The South West of England is well-known for its locally produced cuisine and traditional fare. And the quirky cafes and coffee shops of this pretty fishing port are no exception. So whether you want to try a local crab sandwich, or simply wish to sample a local tipple, here are the best places to eat in Mousehole:

Aside from having a pun-filled name, Hole Foods is easily one of the best cafés in the village. With harbour views and friendly staff, head here and you can also expect to find the best hot chocolates in Mousehole (they even have veggie marshmallows!) I had a tomato and mozzarella sandwich, a big pot of tea and a brownie to go (you know for energy!)

Highlights from the official website for the Southwest Coast

  • Kemyel Crease Nature Reserve: Monterey pines grow here as well as Monterey cypress trees which have a beautiful lemon scent. The Reserve is rich in fungi and if you are walking in the summer or autumn months, you may see the unusual earth star fungus.
  • Point Spaniard: said to be where the Spaniards landed before ransacking Mousehole, Newlyn and Paul in 1595.
  • Mousehole: a traditional fishing village described by Dylan Thomas as the prettiest village in England. Mousehole is actually thought to be Llareggub in his play Under Milk Wood. Many artists come here striving to capture the natural beauty of the area in their work and there are some galleries worth exploring. Often battered by winter storms, the villagers of Mousehole were once unable to put out their fishing boats due to the terrific gales. The villagers were close to starving when one man called Tom Bawcock braved the storm and brought back a massive haul of seven different types of fish. His heroic acts are celebrated every 23rd December when all of Mousehole gather to eat ‘Starry Gazy Pie’ (a fish pie with assorted fish heads poking out through the crust).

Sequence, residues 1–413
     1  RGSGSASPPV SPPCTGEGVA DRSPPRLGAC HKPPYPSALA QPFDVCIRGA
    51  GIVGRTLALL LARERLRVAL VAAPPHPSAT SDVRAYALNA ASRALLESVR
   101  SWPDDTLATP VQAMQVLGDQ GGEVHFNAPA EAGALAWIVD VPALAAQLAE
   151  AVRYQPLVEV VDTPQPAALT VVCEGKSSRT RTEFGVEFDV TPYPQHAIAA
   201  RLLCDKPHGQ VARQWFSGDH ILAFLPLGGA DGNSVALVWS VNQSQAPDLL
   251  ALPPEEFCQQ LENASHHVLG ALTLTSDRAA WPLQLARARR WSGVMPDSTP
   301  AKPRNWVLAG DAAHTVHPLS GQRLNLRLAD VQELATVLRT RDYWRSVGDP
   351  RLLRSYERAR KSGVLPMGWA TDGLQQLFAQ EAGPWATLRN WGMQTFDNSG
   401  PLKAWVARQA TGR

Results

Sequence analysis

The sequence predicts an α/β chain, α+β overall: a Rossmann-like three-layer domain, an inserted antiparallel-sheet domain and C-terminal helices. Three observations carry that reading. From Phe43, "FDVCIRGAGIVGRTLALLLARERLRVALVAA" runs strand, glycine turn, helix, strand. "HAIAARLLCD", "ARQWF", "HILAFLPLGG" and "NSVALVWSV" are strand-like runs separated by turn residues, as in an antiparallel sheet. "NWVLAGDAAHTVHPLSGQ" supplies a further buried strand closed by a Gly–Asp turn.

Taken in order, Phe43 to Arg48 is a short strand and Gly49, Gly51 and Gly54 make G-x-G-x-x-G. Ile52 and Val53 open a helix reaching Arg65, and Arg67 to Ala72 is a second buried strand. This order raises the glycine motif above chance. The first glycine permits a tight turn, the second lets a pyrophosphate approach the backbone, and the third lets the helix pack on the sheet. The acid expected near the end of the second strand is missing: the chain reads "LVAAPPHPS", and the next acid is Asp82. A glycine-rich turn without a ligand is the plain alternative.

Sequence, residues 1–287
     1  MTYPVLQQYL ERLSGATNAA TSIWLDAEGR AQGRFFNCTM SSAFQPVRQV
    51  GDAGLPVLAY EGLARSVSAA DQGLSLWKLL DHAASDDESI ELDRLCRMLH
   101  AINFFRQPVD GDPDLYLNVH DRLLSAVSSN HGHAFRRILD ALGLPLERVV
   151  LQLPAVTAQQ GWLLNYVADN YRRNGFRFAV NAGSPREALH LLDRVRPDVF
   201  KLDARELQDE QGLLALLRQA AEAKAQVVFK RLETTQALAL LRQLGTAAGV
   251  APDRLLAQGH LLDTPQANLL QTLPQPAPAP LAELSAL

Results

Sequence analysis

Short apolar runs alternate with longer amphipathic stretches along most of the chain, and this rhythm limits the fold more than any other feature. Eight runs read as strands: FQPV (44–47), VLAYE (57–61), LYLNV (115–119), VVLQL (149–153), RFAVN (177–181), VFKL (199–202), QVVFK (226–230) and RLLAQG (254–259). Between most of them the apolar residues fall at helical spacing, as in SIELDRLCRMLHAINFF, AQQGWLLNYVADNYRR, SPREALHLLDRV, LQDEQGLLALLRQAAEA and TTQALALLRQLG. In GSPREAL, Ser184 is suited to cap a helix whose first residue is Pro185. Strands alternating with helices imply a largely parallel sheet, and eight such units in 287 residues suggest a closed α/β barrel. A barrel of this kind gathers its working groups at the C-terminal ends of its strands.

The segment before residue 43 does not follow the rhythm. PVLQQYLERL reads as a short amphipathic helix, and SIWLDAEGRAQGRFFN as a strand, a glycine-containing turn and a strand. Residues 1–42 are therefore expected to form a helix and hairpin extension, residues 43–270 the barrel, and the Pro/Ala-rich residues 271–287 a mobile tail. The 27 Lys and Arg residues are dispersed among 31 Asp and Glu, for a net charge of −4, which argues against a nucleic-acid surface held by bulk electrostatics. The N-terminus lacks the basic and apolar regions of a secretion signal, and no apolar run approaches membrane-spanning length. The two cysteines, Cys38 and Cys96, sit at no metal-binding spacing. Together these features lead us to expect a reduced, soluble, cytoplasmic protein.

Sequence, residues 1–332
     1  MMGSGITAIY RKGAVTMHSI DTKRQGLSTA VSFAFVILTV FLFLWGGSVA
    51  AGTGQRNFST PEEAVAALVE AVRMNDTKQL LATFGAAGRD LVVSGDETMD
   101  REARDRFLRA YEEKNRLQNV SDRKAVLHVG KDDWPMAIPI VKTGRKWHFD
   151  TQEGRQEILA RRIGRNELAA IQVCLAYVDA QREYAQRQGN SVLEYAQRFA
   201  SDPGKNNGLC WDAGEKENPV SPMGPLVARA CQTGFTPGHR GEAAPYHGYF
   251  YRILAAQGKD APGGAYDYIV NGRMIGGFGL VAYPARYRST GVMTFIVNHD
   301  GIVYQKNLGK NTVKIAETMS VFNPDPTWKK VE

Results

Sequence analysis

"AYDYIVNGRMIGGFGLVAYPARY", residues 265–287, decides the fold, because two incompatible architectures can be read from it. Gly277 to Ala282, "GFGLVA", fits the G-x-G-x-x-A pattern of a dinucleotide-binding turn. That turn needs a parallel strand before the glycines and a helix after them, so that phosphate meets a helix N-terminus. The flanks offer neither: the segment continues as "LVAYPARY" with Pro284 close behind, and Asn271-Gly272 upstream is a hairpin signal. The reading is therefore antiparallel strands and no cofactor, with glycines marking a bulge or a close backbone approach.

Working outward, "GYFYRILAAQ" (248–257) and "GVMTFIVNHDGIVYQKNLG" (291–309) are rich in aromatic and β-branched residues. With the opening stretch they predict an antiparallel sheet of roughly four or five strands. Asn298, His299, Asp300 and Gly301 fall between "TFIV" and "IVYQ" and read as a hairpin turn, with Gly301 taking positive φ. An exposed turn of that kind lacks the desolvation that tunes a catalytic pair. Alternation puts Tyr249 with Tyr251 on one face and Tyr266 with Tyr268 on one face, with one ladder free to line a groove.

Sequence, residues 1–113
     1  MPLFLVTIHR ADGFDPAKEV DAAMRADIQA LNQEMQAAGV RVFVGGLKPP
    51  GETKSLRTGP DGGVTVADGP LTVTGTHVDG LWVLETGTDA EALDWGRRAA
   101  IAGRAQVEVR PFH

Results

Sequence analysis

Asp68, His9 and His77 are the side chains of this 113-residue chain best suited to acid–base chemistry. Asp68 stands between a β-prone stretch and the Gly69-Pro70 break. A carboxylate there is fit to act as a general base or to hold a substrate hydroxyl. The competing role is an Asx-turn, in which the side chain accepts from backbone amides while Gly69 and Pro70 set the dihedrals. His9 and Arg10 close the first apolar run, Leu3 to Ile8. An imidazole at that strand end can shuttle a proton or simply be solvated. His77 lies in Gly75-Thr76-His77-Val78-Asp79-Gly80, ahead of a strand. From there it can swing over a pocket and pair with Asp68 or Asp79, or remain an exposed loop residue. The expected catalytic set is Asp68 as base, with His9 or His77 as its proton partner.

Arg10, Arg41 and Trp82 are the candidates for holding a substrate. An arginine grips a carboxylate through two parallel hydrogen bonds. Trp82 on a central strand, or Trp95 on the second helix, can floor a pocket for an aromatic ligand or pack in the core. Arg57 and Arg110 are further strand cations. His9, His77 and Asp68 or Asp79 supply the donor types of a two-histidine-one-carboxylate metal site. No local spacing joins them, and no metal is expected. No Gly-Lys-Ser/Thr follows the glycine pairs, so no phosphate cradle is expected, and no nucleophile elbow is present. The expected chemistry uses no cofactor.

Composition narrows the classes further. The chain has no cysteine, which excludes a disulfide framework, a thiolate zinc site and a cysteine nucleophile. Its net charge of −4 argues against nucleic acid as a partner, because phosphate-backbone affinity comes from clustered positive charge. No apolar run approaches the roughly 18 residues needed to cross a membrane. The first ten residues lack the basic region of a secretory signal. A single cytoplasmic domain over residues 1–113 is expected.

• Art and fishing in Newlyn: home to one of the largest fishing fleets in the UK, Newlyn is also remembered for its cultural history due to the group of post-impressionist painters who set up in Newlyn and later established a school of painting.

The walk between Mousehole and Newlyn is pretty uninspiring, if you are lucky you will see some pretty street art but first you have to pass the pretty shit stuff! One thing I will say about this stretch of the walk was at least it was flat!!

With over 40 acres of harbour, the fishing industry is one of the most important in the county; contributing millions of pounds to the Cornish economy each year. All sorts of fishing vessels can be seen in the harbour from beam trawlers and long liners to crabbers and even small open boats used for hand-lining mackerel in the Bay.

It is worth rising early to visit the bustling Fish Market and see the fish being sold; displayed in coloured rectangular baskets and ticketed awaiting auction. Some of the fish will go to local restaurants, but most are sold to buyers from various other European countries, especially to France, Spain and Portugal.

In the 1880s a number of artists flocked to the town and formed an artists’ colony. The painters of Newlyn came to be known as the Newlyn School and this history is still very much alive in the town, with many galleries including the Newlyn Art Gallery and displays at the Penlee House Museum.

Trig Points

Visiting all 6,190 trig points in the UK (I am that annoying person who likes to climb on them)